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Saturday Night Fever musical

The best songs from 'Saturday Night Fever'

You know the movie, you know the songs. But what else do you know about ‘Saturday Night Fever’? The musical is coming to Istana Budaya this month and here are our favourite songs from the soundtrack

Written by
Alison Khong

The story of ‘Saturday Night Fever’ coming to life is not a typical one; the film was actually made on a whim. After reading a 1976 article by British rock critic Nik Cohn titled ‘Tribal Rites of The New Saturday Night’, Robert Stigwood thought it would make a good movie and decided to just go ahead with it. Stigwood and John Travolta had some time on their hands before starting ‘Grease’, which they were both slated to work on, and thought it would also be a good addition to Travolta’s repertoire.

The article tells the story of a group of Italian-Americans in Bay Ridge, Brooklyn caught up with their dead-end jobs, but temporarily escape their worries by dancing at a local disco, 2001 Odyssey (interestingly, this was a real disco in that part of town, but has ceased operations). The movie adaptation stars Travolta as Tony Manero and Karen Lynn Gorney as Stephanie Mangano, who Tony trains with for a dance competition. The stage version removed many of the darker elements of the movie including mentions of racial conflict, drug use and violence to make it more family friendly.

Also the manager of the Bee Gees, producer Stigwood showcased his clients on the movie’s soundtrack, which became a successful hit. In US, the album stayed on Billboard’s charts for 120 weeks. The ‘Saturday Night Fever’ soundtrack, an epitome of great disco hits, has been selected for preservation in the National Recording Registry by the Library of Congress.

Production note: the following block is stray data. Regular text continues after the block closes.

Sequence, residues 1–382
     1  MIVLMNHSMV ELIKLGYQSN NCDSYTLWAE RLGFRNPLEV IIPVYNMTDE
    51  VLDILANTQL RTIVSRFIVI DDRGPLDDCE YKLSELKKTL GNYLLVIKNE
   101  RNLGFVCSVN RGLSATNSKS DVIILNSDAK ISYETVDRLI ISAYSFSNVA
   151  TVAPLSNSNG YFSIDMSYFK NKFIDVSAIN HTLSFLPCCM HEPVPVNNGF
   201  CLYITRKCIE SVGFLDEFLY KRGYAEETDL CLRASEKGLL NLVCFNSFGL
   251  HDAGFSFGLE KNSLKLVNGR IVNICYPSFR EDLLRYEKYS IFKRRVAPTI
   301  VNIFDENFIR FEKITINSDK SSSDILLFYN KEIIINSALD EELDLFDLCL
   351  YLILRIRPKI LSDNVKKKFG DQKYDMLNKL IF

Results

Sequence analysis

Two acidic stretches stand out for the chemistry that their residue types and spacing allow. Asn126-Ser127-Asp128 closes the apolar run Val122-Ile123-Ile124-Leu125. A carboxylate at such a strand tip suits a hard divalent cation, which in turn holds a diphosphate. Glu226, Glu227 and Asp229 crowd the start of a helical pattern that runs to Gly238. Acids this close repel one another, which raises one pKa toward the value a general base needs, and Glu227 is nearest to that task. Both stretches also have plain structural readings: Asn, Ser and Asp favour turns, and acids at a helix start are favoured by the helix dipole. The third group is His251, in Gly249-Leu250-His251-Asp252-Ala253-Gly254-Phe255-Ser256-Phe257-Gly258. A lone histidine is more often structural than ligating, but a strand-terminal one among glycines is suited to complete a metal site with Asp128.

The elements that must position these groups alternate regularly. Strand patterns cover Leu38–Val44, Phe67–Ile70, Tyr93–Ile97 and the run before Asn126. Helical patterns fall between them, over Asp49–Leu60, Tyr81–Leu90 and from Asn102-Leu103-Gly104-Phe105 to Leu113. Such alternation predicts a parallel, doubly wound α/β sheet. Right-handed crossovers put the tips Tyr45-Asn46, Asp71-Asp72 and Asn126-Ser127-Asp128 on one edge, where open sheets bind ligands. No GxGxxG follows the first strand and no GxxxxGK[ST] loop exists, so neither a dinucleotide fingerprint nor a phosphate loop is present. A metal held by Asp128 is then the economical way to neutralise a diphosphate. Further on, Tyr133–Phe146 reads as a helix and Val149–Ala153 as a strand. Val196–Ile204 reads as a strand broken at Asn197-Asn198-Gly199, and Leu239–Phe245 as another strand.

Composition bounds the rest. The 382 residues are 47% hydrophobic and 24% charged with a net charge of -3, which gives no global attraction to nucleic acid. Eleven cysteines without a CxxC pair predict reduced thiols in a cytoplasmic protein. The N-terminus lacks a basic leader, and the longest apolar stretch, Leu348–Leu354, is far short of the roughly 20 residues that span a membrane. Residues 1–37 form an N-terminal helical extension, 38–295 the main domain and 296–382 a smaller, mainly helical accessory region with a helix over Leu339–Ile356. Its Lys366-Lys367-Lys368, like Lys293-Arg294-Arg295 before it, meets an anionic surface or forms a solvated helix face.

It has been 38 years since the movie premiered, and just under 20 since it came to the stage at London’s West End in 1998 and New York’s Broadway in 1999. Some Malaysian fans may remember when the Australian production came to Istana Budaya in 2004. This year, the production is back with a more contemporary edge with its use of technology while retaining the realistic portrayal of the disco era, along with vibrant stage designs created by an award-winning team.

Here are our favourites from the soundtrack.

1. ‘Stayin’ Alive’ by Bee Gees

This hit song plays in the first scene that shows Tony roaming the streets of Brooklyn. What makes ‘Stayin’ Alive’ memorable is the insanely catchy guitar hook at the beginning that immediately gets you into the dancing mood. This song placed at number 189 on Rolling Stone’s 500 Greatest Songs of All Time back in 2004, and we have to agree that it still is one of the best.

2. ‘Boogie Shoes’ by KC and the Sunshine Band

In this scene, Tony and gang are hanging outside 2001 Odyssey. Originally recorded by KC and the Sunshine Band, this was the hit that propelled the band to stardom. ‘Boogie Shoes’ was not only featured on this soundtrack but was also used in several other films such as ‘Boogie Nights’ (1997), ‘Detroit Rock City’ (1999) and ‘The Wedding Date’ (2005).


3. ‘If I Can’t Have You’ by Yvonne Elliman

Though the song is written by the Bee Gees, Yvonne Elliman’s cover appeared on the soundtrack. This song is used as the background track when Annette waits for Tony outside the dance school. Annette has always wanted and hoped for something more from him. Alas, he does not reciprocate the same feelings. ‘If I Can’t Have You’ is her painful plea.

4. ‘Night Fever’ by Bee Gees

The world-renowned hustle and line dance takes centre stage during ‘Night Fever’. The band wrote ‘Night Fever’ before the film had a title and they wanted the movie to be named after this song. But Stigwood refused, feeling it was too pornographic and favoured the name ‘Saturday Night’. They eventually compromised and settled for what it is known today.


5. ‘More Than A Woman’ by Bee Gees

This track is used as Tony and Stephanie’s dance routine song during the competition. There are two versions of this song: one recorded by the Bee Gees and the other by American R&B group Tavares. Both versions are featured on the soundtrack of the film.

6. ‘How Deep Is Your Love’ by Bee Gees

In the movie, the finale sees Tony at Stephanie’s apartment hoping to rekindle their relationship. The musical shows a different ending at a park bench, overlooking a bridge. There is an unedited recording by the Bee Gees of ‘How Deep Is Your Love’ that wasn’t released but is featured in the movie when Tony walks aimlessly through the subway station heading to Stephanie’s apartment.

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